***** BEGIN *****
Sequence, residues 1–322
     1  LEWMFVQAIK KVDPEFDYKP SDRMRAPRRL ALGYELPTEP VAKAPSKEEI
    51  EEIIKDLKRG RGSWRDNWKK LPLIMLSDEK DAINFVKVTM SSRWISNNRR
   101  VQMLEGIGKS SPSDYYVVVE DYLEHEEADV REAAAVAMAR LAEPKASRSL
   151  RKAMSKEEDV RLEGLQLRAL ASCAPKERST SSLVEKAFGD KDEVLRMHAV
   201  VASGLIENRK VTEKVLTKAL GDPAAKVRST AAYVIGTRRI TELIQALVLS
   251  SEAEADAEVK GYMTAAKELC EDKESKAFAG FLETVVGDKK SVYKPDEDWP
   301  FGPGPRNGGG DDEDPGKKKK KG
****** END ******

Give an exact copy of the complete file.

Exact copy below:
Sequence, residues 1–322
     1  LEWMFVQAIK KVDPEFDYKP SDRMRAPRRL ALGYELPTEP VAKAPSKEEI
    51  EEIIKDLKRG RGSWRDNWKK LPLIMLSDEK DAINFVKVTM SSRWISNNRR
   101  VQMLEGIGKS SPSDYYVVVE DYLEHEEADV REAAAVAMAR LAEPKASRSL
   151  RKAMSKEEDV RLEGLQLRAL ASCAPKERST SSLVEKAFGD KDEVLRMHAV
   201  VASGLIENRK VTEKVLTKAL GDPAAKVRST AAYVIGTRRI TELIQALVLS
   251  SEAEADAEVK GYMTAAKELC EDKESKAFAG FLETVVGDKK SVYKPDEDWP
   301  FGPGPRNGGG DDEDPGKKKK KG